Iron Man

M. Enois Duarte @ High-DefDigest.com (2008)

  • Excerpt: Iron Man kickstarted the Marvel Cinematic Universe with a highly-engaging plot and Robert Downey Jr.’s excellent performance as the arrogant, wisecracking Tony Stark.

Iron Man 2

M. Enois Duarte @ High-DefDigest.com (2010)

  • Excerpt: Iron Man 2 is a decently satisfying and entertaining sequel, providing more dramatic depth to Tony Stark and laying the groundwork for future Marvel installments.

Iron Man 3

M. Enois Duarte @ High-DefDigest.com (2013)

  • Excerpt: Shane Black’s Iron Man 3 concludes the trilogy with visually spectacular action and a poignant, character-driven plot allowing Robert Downey Jr. to really flex his dramatic chops.

The Last Broadcast

James Jay Edwards @ FilmFracture (1998)

Like a Bird on a Wire

Luiz Santiago @ Plano Crítico (1975) [Portuguese]

  • Excerpt: Staged as a TV show, in a TV studio, set up like Brigitte Mira living room. She recounts her four husbands. Inspired by Leonard Cohen’s “Bird on a wire”.

Martha

Luiz Santiago @ Plano Crítico (1974) [Portuguese]

  • Excerpt: After the death of her abusive father, the lonely librarian Martha marries an equally vile businessman – Helmut. The cruel and torturous nature of their relationship leads Martha to believe Helmut might be trying to kill her.

Microwave Massacre

James Jay Edwards @ FilmFracture (1983)

Moon

M. Enois Duarte @ High-DefDigest.com (2009)

  • Excerpt: Starring a memorable Sam Rockwell, Duncan Jones’ Moon is a stimulating and challenging sci-fi gem, prompting intriguing questions about identity and the cost of technological advancements.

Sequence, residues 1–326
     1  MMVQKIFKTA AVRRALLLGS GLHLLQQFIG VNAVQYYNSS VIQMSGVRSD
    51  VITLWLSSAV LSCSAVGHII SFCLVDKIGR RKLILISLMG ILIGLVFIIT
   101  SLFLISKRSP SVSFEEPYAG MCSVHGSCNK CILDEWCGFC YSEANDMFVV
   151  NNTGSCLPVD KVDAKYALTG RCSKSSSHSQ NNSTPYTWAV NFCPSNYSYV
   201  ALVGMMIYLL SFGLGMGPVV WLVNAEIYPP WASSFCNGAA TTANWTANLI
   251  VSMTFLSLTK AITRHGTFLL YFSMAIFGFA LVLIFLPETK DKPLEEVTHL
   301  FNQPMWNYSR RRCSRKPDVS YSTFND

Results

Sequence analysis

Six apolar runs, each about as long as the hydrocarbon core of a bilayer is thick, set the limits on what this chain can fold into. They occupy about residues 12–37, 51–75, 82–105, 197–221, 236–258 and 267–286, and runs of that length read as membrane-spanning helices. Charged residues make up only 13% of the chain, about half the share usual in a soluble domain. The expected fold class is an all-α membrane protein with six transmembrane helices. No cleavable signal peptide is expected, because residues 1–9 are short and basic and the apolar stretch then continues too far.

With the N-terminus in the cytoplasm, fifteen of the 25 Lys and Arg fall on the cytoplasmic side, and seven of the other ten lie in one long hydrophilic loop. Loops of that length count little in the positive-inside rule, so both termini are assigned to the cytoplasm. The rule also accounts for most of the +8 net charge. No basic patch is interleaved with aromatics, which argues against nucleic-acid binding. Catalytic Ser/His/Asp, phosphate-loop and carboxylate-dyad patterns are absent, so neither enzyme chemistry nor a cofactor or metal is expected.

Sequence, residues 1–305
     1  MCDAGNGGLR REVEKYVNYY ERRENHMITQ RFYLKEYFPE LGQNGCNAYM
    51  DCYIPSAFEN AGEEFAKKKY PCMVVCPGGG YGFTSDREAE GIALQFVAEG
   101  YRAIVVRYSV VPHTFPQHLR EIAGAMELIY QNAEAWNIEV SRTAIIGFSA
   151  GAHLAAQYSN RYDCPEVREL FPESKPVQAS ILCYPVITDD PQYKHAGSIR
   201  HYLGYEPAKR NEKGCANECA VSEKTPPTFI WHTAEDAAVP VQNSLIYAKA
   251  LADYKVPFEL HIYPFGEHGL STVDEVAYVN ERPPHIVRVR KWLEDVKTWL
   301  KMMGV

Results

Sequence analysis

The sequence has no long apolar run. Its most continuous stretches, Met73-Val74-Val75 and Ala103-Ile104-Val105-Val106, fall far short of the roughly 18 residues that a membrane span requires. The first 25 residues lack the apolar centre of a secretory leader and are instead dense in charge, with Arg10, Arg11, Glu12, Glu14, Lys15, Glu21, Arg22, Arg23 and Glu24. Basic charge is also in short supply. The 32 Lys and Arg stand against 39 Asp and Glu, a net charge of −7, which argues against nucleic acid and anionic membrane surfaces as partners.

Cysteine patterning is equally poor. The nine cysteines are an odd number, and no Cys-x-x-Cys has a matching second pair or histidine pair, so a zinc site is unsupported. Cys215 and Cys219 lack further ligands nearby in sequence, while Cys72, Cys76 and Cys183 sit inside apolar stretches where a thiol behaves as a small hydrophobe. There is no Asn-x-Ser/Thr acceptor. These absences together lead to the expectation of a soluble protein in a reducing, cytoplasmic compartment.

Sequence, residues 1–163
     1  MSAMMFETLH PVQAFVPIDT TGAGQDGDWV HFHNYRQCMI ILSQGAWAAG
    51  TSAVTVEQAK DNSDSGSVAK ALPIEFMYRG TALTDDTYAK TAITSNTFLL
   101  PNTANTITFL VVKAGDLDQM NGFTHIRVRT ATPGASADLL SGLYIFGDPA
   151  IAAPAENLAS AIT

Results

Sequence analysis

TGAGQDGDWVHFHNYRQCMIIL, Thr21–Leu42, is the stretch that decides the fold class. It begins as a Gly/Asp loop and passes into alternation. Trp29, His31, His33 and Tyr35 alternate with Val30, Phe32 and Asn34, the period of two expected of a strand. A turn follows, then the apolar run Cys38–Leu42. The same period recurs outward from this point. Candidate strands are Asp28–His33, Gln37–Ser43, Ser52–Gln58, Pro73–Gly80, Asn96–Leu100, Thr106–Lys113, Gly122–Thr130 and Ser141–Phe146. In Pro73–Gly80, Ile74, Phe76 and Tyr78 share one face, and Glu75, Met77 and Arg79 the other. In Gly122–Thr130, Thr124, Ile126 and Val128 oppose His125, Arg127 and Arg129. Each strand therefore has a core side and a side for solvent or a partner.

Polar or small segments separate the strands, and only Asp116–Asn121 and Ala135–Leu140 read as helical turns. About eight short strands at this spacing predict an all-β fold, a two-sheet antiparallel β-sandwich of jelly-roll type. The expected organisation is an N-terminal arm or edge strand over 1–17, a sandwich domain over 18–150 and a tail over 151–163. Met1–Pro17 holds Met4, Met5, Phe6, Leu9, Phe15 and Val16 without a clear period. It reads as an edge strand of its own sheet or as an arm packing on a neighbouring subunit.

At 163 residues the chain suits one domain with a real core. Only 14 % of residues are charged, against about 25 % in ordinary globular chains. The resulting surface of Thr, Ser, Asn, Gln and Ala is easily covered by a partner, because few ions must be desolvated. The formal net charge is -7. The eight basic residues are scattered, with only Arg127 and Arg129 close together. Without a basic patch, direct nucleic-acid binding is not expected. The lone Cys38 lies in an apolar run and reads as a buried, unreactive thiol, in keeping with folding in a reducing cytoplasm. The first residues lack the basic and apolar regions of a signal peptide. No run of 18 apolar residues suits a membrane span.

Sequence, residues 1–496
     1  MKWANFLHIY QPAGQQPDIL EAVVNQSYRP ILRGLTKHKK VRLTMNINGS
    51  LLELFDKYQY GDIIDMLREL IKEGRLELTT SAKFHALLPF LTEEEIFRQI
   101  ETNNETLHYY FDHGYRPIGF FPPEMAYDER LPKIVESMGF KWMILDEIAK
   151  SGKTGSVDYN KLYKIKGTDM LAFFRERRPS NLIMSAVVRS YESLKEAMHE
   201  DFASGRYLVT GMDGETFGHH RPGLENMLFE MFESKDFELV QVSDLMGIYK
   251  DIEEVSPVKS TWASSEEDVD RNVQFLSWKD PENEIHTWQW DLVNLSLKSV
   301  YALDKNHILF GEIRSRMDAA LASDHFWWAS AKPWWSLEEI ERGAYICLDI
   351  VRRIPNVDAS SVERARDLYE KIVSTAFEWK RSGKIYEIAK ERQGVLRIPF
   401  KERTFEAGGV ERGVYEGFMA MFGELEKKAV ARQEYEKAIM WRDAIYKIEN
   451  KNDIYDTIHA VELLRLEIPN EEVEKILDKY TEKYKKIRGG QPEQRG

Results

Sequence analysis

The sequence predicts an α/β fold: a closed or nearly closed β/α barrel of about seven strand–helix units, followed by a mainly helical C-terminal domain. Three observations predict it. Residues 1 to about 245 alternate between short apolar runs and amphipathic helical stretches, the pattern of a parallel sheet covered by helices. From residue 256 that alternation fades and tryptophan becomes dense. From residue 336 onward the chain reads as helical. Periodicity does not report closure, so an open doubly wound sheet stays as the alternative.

The Producers

Luiz Santiago @ Plano Crítico (1967) [Portuguese]

  • Excerpt: Producers Max Bialystock and Leo Bloom make money by producing a sure-fire flop.

The Ring

Luiz Santiago @ Plano Crítico (1927) [Portuguese]

  • Excerpt: Two boxers compete for the love of a woman.

The Scorpion King

M. Enois Duarte @ High-DefDigest.com (2002)

  • Excerpt: Responsible for launching Dwayne Johnson’s career as an action star, Chuck Russell’s The Scorpion King is a laughably bad but still surprisingly fun piece of escapism two decades later.

Stand By Me

M. Enois Duarte @ High-DefDigest.com (1986)

  • Excerpt: Based on the Stephen King novella, Rob Reiner’s Stand by Me is an engagingly poignant allegory of self-discovery, confronting trauma and a rite of passage into adulthood.

Toy Story

M. Enois Duarte @ High-DefDigest.com (1995)

  • Excerpt: Toy Story continues to entertain and dazzle the imagination while exploring fascinating existential questions on life.

Toy Story 2

M. Enois Duarte @ High-DefDigest.com (1999)

  • Excerpt: After an accident shelves our cowboy hero, Woody goes through another existential adventure in Toy Story 2 while roaming about the obsessive world of vintage toy collecting.

Toy Story 3

M. Enois Duarte @ High-DefDigest.com (2010)

  • Excerpt: Toy Story 3 follows the gang to a daycare center controlled by an authoritarian dictator while also searching for a new home as Andy goes off to college.